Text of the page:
Reps. Steve Doan (R-Erlanger), Felicia Rabourn (R-Pendleton) — Rabourn doesn’t represent NKY but is in the official NKY caucus — Mark Hart (R-Falmouth), and Rep. Kim Moser (R-Taylor Mill) were all removed from committees for allegedly speaking out against House leadership.
(Moser isn’t considered part of the liberty-aligned Republican group but was still removed for allegedly challenging leadership).
It prompted Rep. Thomas Massie to weigh in on state-level politics after the decision.
“Punishing dissension is short sighted and doing so in the last hours of the session has an air of pettiness that voters detest,” Massie wrote on Twitter.
Rawlings asked Cameron about his thoughts on the removal.
“What is your take on House leadership removing six representatives from their committees?” Rawlings asked.
“I don’t like it,” Cameron said.
Cameron also weighed in on certificate of need, which requires that healthcare institutions provide certain services and must first prove a communal need for such services before establishing facilities in an area.
In NKY, some say certificate of need has allowed St. Elizabeth a “monopoly.” However, the region’s largest health care system argues it enables them to provide a “safety net” to the area.
Certificate of need has been on the minds of Northern Kentuckians for years — regardless of political affiliation — but took an increased role in the region’s zeitgeist this year when Rep. Proctor and Sen. Gex Williams (R-Verona) filed several bills this past session that would get rid of certificate of need.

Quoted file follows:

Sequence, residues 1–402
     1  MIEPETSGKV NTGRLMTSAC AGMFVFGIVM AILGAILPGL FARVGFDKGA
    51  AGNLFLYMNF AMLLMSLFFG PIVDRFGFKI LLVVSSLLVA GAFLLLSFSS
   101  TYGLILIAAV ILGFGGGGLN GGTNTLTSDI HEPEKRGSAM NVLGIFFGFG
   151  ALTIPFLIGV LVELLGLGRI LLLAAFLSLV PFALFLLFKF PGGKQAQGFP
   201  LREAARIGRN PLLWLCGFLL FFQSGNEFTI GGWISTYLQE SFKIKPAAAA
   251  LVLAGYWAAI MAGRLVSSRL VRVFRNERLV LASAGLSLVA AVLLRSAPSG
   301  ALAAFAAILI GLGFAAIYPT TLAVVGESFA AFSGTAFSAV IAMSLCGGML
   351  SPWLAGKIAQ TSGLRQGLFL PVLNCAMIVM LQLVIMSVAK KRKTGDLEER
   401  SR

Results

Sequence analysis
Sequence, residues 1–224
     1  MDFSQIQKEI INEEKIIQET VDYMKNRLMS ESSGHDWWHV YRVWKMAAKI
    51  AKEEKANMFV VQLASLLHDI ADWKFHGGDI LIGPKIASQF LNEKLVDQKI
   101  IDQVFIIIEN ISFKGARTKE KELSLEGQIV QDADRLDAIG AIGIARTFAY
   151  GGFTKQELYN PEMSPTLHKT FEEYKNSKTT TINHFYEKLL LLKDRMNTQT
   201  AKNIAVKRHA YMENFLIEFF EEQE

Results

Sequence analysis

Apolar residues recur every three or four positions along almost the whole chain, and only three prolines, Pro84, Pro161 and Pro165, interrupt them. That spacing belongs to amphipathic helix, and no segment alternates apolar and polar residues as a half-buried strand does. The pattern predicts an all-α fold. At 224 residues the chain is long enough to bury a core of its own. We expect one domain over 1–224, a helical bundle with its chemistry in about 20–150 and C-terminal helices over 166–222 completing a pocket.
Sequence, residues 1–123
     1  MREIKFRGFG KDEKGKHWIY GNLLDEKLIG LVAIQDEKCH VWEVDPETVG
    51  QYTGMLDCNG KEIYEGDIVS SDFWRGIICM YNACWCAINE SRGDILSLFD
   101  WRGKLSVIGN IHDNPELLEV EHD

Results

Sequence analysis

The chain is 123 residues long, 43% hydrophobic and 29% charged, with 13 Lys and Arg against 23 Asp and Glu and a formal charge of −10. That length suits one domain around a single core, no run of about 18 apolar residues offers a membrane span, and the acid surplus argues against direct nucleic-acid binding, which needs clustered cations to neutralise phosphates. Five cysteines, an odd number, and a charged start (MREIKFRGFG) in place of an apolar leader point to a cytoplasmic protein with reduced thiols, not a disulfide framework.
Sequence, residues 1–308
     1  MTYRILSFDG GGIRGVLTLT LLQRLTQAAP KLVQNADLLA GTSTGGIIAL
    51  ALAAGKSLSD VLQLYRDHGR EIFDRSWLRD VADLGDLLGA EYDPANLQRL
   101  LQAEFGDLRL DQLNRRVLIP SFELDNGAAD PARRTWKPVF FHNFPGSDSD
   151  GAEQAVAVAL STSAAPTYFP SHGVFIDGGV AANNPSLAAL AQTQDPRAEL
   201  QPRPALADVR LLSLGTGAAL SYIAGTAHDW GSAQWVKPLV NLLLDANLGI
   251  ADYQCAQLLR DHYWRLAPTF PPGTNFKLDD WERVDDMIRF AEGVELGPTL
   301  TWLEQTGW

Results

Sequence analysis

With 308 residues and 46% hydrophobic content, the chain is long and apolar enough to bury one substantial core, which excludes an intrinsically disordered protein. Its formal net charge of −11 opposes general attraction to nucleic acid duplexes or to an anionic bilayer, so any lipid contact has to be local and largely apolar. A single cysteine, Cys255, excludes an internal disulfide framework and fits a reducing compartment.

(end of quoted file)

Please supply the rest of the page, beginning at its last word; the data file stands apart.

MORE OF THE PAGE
Cameron said he understands there is some nuance from talking with healthcare industry professionals. The nuance involves ensuring there’s enough coverage in rural areas, which is less of a problem in bigger cities, he said.
“But, I do support making sure that we get less and less C-O-Ns,” Cameron said.
Time will tell if Cameron’s message to NKYians will get him the GOP nomination. Still, Kenton County Commonwealth’s Attorney Sanders thinks the region allows Republican candidates to get in front of a concentrated number of Republican voters.
“We’re a large collection of Republican votes in a very small concentrated area, relatively speaking, compared to the rest of the state,” Sanders said.
Answering questions after the event, Cameron said the key to winning the region is showing up and letting people know you care about them and reminding voters that Beshear is not aligned with the region’s values.
“He’s out of step with the values of folks in Northern Kentucky,” he said.
Further, he said Beshear vetoed legislation banning transgender women from competing in women’s sports. He also pointed to the Kentucky Department of Education Commissioner Jason Glass, who he said was appointed by the Kentucky Board of Education which was appointed by Beshear.
“He’s out of step with the values of folks in Northern Kentucky when you have a commissioner at the Department of Education that cares more about gender ideology studies than reading and writing,” Cameron said.
Defeating the “woke” ideologies of the education department has been a talking point amongst candidates on the Republican campaign trail.
When asked how he would defeat “wokeism” and how he could prove through metrics or statistics that he accomplished that goal, Cameron said to ask on election night.
“Part of defeating ‘wokeism’ is defeating Andy Beshear in November,” Cameron said. “The second part of defeating ‘wokeism’ is making sure we remove Jason Glass as the commissioner of the Department of Education. And then from there, it’s about appointing members to the Board of Education that reflect the values for men, women, and children of our 120 counties.”
Whoever moves forward with the Republican nomination will have an uphill battle against Beshear’s reelection. A recent Morning Consult poll recently found Beshear to be the fifth most popular governor overall and the most popular Democratic governor in the country. The poll found 60% of Kentucky voters approve of Beshear’s governorship.
“Though half of Kentucky Republicans give Beshear negative marks, 46% give a thumbs-up to his handling of the job, making him the most popular Democratic governor with voters of the opposite party as well,” the poll says.